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BY CORRESPONDENT,KISUMU,3RD AUG 2019-Bomet Governor Joyce Laboso was buried in her matrimonial home in Koru, Kisumu County on Saturday as leaders who attended urged government to declare cancer to a national disaster
“We need to have a very sober conversation about our health system even as we call upon you to consider declaring cancer a national disaster,” said Wycliffe Oparanya, the Chairman of the Council of Governors.
Deputy President William Ruto said cancer is the “most dangerous disease we have today (Saturday).”
“The government is committed to do the best in managing this crisis, we are equipping the hospitals that is why in every county today we have a cancer screening centre,” he said.
However President Kenyatta did not comment on the request by Oparanya to declare cancer a national disaster,but only mourned Laboso.
“I want to assure Laboso’s family that we will stand with them,” he said.
Orange Democratic Movement (ODM) leader Raila Odinga, said Kenya is losing too many people to cancer.
“We are burying too many people to cancer, we have buried more than ten people recently who have died of cancer,” he said, “even Ken Okoth was cremated today (Saturday) morning and he also died of cancer.
They were speaking at Laboso’s home in Fort Ternan, Koru in Kisumu County during her burial.
Laboso died of cancer on Monday, just two days after the death of Kibra MP Ken Okoth who also succumbed to cancer –both having been admitted to the Nairobi Hospital weeks after returning back to the country from India and France respectively where they had gone for treatment.
Others present were Amani National Congress leader Musalia Mudavadi and Wiper Leader Kalonzo Musyoka and a host of other leaders.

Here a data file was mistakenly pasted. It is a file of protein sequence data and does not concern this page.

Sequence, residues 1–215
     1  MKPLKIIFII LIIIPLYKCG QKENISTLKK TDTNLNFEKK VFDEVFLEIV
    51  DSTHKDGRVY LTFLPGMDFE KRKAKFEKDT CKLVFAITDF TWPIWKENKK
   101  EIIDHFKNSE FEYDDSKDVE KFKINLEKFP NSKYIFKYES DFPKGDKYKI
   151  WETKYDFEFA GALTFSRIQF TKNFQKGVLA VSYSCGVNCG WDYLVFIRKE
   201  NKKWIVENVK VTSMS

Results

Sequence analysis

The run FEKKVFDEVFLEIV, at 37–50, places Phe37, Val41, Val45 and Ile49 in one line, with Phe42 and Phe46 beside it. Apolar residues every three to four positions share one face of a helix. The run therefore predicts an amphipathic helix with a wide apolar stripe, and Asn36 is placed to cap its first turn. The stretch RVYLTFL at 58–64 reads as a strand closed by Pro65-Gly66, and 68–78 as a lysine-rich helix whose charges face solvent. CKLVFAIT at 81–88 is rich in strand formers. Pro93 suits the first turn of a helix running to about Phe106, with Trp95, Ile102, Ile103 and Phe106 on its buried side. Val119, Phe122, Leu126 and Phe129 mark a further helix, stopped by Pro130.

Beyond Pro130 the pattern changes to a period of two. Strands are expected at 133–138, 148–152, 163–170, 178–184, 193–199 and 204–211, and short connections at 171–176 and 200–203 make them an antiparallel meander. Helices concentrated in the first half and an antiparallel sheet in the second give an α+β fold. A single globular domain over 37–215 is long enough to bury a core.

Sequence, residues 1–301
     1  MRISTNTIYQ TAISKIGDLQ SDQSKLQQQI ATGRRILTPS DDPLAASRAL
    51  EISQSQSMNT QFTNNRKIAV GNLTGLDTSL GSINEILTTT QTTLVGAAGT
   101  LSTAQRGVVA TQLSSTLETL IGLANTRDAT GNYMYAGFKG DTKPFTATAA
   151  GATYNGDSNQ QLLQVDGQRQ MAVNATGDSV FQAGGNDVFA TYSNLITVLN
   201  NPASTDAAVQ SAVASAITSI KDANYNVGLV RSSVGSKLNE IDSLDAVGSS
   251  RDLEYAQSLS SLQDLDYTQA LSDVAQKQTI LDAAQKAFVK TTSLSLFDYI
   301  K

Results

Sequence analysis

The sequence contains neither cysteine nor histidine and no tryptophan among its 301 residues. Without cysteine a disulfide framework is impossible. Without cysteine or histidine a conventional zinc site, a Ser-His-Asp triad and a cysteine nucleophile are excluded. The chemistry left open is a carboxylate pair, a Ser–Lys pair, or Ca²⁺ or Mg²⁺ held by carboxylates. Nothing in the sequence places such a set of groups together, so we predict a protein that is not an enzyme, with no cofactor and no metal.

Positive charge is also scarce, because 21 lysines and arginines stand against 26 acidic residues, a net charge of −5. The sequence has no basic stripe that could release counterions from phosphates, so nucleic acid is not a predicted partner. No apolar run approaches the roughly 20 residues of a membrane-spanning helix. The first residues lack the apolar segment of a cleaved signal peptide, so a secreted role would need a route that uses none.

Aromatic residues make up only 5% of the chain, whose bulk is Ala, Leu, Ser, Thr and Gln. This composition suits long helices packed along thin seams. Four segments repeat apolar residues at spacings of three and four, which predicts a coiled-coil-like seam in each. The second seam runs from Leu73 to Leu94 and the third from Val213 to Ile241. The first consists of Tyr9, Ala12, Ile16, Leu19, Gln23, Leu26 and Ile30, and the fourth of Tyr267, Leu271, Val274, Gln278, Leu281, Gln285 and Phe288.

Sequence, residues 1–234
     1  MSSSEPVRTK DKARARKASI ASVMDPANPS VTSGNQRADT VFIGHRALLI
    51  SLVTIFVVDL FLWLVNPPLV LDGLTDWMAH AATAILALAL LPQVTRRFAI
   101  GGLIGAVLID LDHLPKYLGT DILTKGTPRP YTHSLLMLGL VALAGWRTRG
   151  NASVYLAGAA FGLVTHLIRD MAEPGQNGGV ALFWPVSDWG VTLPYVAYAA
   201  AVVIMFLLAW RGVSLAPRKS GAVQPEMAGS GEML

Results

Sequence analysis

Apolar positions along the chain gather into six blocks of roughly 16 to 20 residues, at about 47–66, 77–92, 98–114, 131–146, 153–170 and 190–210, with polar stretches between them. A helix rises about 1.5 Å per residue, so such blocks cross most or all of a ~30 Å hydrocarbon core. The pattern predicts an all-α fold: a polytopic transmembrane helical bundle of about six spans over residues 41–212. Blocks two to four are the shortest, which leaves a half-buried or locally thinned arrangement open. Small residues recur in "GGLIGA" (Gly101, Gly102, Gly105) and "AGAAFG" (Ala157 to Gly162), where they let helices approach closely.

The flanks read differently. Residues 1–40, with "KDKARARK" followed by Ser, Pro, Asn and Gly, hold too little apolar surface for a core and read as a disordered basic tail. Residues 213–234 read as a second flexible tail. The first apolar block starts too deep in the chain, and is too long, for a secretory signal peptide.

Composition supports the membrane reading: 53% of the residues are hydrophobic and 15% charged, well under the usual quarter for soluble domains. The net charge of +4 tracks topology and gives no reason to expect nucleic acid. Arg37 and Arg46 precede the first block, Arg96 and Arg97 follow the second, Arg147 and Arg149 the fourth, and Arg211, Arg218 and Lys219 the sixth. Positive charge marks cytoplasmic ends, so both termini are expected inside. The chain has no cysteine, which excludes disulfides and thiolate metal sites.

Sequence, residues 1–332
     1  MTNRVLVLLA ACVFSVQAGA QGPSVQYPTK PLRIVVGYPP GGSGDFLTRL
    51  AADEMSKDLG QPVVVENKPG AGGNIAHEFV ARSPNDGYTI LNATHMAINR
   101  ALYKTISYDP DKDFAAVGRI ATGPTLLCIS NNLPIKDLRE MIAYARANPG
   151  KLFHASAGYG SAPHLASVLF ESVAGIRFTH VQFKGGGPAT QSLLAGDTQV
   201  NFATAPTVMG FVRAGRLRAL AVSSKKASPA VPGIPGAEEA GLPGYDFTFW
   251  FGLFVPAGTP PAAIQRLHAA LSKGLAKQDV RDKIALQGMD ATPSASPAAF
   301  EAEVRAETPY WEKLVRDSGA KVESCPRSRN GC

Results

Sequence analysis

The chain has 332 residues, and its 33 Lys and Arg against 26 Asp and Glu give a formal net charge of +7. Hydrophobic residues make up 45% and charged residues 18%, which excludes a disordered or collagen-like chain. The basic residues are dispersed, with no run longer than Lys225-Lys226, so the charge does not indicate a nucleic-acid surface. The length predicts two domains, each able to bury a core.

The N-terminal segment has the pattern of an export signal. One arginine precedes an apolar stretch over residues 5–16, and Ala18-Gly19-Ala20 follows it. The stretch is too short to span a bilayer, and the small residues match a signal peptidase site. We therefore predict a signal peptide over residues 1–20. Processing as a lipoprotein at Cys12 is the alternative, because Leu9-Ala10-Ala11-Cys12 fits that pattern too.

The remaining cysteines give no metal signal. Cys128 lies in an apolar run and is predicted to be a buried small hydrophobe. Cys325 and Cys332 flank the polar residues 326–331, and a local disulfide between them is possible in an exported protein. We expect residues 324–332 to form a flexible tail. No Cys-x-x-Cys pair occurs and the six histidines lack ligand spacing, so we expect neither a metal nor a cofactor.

“We must all admit that cancer is a serious issue in this country and there is much more than need to be done to help our people,” Musyoka said, describing Laboso as a strong leader.
Mudavadi said Laboso will be remembered for the leadership skills she displayed in all the positions she held.
Governors Anyang Nyong’o who represents the area said “We must do more in managing cancer in this country because this is a serious matter. We must invest more in proper facilities in our hospitals.”
Waiguru moved mourners when she spoke passionately about Laboso’s women empowerment initiatives in Bomet county.
“We were three female governors, and now with the departure of Laboso, we are two of us remaining,” she said, and urged the incoming Governor to choose a woman to deputise him.
Bomet Deputy Governor Hillary Barchok was set to be sworn in on Thursday to take over from Laboso.
Laboso was eulogised as a strong leader who always put the interests of her people ahead.
The burial followed two funeral services held in Nairobi on Thursday and Bomet on Friday.
Joyce’s mother-in-law Dorcas Omoro said she will always remember her as her daughter, “because she bonded so well with and was always so respectful to all of us.”
Aggrey Abonyo, Laboso’s brother-in-law described her as a great and resilient woman leader not only in Bomet but in the country.
Laboso leaves behind a widower Edwin Abonyo and four children who described her as a loving and adorable mother.